Find out about eligibility and requirements for the relocation of sheep dips and pens item.
How much will be paid
£3,675 per unit.
Where to use this item
Available for Mid Tier and Higher Tier
- in areas targeted for the reduction of water pollution from agriculture
- with support from a Catchment Sensitive Farming (CSF) officer Where this item cannot be used
- to build new, permanent sheep dips and holding pens on a farm where there are no existing dipping facilities
- to replace existing equipment in the same location
- without relevant advice or consents from the Environment Agency (EA) or Local Planning Authority
How this item will benefit the environment
This item will install replacement sheep dips in new locations. Pollution from sheep dips can cause damage to people and aquatic wildlife. Relocating sheep dips can help reduce the risk of diffuse water pollution.
- install a new sheep dip bath and holding pens
- dip baths must be impermeable, have no drain outlet and must comply with the Groundwater Protection Code
dip baths and drain pens must be installed at least:
- 10m from watercourses (including streams, ditches, land drains and wetlands)
- 30m from watercourses that drain into protected conservation sites (such as Sites of Special Scientific Interest (SSSIs))
- 50m from any spring, well or borehole
- meet relevant British Standards - examine copies of the most up-to-date standards for guidance
- install the dip baths and pens on a slope, or at the top of one, where there is a risk that spillage might drain to a watercourse, road or track
Agreement holders will need to keep the following records and supply them on request:
- any consents or permissions connected with the work
- receipted invoices or bank statements where a receipted invoice is unavailable
- please see the record keeping and inspection requirements as set out in the Mid Tier manual for more detail
Agreement holders will need to keep the following records and supply them with the claim:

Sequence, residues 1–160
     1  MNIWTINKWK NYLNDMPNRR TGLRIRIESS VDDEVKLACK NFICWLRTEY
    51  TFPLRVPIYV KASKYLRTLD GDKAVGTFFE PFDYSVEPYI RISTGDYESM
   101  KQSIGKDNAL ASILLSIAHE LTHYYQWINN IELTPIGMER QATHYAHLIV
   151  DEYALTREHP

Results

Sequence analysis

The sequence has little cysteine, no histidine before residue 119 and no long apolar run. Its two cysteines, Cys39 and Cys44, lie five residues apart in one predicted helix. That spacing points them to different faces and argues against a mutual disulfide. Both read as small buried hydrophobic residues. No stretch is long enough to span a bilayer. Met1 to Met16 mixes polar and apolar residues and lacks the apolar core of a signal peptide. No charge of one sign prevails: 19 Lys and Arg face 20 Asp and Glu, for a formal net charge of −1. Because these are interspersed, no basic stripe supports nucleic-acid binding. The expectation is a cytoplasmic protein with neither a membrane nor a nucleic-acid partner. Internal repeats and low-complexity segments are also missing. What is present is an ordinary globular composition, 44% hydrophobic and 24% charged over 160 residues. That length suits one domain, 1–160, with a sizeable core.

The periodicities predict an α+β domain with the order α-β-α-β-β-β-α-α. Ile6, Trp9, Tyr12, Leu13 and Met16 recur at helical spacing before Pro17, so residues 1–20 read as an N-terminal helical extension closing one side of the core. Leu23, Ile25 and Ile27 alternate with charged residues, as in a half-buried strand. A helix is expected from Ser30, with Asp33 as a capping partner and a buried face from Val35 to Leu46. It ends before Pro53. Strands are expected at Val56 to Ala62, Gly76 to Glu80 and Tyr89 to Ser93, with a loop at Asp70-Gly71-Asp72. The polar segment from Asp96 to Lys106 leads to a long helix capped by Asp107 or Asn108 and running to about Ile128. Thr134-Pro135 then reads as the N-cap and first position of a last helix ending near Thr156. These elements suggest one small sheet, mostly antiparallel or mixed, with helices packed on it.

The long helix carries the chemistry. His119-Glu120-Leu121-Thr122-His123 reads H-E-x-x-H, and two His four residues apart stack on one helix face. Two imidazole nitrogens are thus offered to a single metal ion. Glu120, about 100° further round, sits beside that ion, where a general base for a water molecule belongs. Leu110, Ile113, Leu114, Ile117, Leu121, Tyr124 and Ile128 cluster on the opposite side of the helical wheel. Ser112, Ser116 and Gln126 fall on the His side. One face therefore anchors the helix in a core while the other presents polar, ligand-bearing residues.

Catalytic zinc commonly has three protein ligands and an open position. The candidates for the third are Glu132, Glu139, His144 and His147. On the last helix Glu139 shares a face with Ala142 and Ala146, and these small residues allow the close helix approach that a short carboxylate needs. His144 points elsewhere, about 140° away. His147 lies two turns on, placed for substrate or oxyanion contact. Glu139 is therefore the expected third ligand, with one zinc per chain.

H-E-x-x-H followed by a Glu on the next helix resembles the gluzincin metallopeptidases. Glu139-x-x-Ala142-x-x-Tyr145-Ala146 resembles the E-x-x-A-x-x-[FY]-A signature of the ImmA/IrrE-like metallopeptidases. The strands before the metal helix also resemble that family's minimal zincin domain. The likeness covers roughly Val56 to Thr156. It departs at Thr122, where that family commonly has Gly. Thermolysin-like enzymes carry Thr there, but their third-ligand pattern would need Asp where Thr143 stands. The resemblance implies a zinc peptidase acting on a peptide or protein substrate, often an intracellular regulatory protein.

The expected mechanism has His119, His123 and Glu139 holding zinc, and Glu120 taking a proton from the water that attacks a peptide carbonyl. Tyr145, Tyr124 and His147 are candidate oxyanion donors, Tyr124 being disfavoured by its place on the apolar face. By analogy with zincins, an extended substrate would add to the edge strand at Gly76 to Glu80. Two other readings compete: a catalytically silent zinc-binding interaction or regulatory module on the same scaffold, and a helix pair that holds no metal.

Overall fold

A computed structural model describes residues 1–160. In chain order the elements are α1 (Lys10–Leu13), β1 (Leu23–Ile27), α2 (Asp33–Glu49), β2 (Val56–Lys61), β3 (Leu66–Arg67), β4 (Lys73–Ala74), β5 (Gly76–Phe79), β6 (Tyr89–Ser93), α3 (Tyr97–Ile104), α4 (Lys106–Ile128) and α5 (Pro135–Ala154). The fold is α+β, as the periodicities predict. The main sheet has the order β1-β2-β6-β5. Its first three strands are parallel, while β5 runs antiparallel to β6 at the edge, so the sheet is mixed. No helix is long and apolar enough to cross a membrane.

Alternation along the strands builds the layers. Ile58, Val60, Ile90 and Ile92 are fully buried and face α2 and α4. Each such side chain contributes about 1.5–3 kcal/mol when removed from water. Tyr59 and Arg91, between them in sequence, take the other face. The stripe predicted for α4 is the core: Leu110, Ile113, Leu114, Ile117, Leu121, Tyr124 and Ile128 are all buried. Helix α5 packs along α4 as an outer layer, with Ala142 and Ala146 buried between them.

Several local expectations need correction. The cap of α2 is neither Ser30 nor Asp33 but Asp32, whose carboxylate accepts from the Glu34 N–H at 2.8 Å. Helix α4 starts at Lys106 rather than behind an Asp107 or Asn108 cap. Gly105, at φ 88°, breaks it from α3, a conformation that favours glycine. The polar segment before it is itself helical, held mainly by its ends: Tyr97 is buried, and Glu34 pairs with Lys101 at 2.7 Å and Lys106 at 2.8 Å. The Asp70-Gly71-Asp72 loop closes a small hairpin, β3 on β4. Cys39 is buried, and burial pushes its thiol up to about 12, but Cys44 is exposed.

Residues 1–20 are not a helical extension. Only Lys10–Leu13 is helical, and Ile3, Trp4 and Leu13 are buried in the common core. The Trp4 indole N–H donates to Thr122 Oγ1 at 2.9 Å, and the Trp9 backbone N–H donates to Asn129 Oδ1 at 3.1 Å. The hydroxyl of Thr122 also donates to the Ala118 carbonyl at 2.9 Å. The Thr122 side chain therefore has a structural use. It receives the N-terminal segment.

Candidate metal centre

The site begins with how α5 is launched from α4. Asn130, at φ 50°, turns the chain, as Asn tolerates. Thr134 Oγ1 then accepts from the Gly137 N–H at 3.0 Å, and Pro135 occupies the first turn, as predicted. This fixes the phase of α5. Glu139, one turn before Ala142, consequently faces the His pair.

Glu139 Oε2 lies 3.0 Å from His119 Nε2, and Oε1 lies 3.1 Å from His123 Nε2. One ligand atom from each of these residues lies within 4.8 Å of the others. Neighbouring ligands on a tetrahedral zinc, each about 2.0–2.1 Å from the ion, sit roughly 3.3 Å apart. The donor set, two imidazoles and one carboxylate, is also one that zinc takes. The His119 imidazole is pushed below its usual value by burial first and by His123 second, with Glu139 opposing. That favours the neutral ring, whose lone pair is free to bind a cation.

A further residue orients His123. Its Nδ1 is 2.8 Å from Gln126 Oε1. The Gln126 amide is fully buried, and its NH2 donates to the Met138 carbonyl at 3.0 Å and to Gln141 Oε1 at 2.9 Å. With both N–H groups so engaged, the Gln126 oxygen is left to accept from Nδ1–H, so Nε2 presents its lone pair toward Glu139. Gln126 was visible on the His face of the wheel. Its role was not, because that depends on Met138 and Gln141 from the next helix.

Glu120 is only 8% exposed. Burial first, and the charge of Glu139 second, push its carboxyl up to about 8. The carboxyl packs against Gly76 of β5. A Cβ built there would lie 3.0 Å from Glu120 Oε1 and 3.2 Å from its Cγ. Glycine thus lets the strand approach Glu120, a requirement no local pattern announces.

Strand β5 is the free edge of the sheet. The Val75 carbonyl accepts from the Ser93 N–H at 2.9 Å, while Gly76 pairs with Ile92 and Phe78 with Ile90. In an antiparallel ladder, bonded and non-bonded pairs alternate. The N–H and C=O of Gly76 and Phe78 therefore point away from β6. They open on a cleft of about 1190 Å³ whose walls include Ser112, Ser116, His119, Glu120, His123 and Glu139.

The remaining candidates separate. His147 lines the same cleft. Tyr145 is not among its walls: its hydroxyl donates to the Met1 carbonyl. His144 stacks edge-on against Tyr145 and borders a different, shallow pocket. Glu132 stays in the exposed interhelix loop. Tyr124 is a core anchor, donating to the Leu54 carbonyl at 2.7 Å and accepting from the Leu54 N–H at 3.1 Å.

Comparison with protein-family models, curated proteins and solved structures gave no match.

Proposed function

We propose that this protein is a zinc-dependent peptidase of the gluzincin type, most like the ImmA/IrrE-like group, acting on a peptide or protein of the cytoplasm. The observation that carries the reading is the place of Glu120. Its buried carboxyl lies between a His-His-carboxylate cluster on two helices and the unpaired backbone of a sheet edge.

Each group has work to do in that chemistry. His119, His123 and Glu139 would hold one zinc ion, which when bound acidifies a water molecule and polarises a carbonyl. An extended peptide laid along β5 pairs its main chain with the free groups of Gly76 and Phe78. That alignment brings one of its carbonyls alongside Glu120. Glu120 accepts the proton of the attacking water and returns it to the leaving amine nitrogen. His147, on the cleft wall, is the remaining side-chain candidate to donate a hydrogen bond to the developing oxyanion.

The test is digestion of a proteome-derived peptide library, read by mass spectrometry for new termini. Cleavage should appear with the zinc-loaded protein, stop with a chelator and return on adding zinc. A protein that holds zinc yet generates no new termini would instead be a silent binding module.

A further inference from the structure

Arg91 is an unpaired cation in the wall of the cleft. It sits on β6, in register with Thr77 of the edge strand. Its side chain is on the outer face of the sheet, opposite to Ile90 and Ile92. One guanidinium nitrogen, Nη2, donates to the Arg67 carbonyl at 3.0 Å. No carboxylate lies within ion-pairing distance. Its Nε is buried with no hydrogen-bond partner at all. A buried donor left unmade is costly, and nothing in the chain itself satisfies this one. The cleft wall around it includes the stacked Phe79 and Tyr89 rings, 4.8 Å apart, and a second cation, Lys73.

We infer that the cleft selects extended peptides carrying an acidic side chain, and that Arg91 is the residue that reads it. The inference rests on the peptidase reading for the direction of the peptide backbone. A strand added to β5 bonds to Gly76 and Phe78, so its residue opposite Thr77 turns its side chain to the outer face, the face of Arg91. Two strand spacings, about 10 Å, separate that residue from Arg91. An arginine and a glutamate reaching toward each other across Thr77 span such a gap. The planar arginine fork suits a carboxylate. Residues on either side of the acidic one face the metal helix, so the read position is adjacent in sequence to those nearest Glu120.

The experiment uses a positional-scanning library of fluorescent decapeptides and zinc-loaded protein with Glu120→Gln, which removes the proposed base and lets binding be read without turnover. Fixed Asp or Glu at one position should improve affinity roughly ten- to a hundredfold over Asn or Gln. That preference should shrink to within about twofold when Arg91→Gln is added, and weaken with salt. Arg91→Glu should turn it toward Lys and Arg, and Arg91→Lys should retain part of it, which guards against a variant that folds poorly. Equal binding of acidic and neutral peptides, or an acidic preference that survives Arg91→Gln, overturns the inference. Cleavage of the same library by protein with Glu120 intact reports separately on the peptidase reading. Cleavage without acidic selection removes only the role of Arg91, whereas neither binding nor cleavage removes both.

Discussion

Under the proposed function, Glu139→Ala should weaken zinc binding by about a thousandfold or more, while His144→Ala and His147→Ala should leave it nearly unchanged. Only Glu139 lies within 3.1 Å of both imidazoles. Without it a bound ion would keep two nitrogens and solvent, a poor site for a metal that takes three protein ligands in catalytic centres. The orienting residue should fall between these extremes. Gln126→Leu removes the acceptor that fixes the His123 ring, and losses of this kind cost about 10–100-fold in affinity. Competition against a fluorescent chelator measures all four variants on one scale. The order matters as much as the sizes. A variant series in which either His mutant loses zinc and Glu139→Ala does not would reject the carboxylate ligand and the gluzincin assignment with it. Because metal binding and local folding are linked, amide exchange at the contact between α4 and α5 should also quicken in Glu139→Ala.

- photographs of the completed work
Before applying, applicants must seek advice from the EA and Local Planning Authority to check if consent is required to carry out the planned work.
Applicants will have to send the following with their application:
- a copy of any advice, permit or consent received from the EA or Local Planning Authority
- photographs of the existing site and current dipping facilities
- written support from a CSF officer
Related Mid Tier items
This item can be used on the same area as the following items:
- RP22 - Sheep dip drainage aprons and sumps
- RP23 - Installation of livestock drinking troughs (in draining pens for freshly dipped sheep)
Advice and suggestions for how to carry out this item
The following section gives advice on carrying out this item successfully but does not form part of the requirements for this item.
How to get a permit to discharge sheep dip
Agreement holders will need an environmental permit to discharge sheep dip to land. A variation to an existing permit may also be required if the location of the discharge area has changed.
How to construct the dip baths
The most effective dip baths should:
- be circular or rectangular
- be of one-piece construction
- be UV-resistant if they are made of plastic
- have splash screens and lips, if needed, to prevent splashing
- have a roof to prevent clean water from yards, roofs or land running into them
More information is available on designing dip baths
How to construct the drain pens
The most effective drain pens should:
- be large enough to hold sheep for at least 10 minutes after dipping
- have properly sealed floors and built-in slopes (allowing excess dip to drain back to the bath, rather than soaking into the ground, soil or a surface water drain)
- have concrete areas that are impermeable, with watertight sealed joints
- have a filter or trap to prevent dirt and dip draining back into the bath
How to avoid polluting the water supply
The back-siphoning of dip during filling can lead to water pollution. Make sure the hose for filling the bath:
- is not submerged in the bath
- has a double check valve to prevent back-siphoning
- is not used for domestic water supply purposes
How to protect the historic environment
Agreement holders should avoid using this item:
- close to a historic farmstead or listed building (get advice on listed building consent)
- on sites of archaeological or historic importance as identified in the HEFER (get advice on Scheduled Monument consent from Historic England, before using this item on such sites) Agreement holders should also consider the character of the landscape when constructing new fencing lines. This particularly applies in designated landscapes or historic parkland.
Agreement holders must consult Natural England if intending to install the dip on an SSSI.
Catchment Sensitive Farming (CSF) operates in parts of the country where there are water quality issues linked to farming. The scheme provides farmers with free advice and training. See guidance for further information on CSF support.
Published: 2 April 2015
Updated: 29 March 2016
- Information updated for applications in 2016
- First published.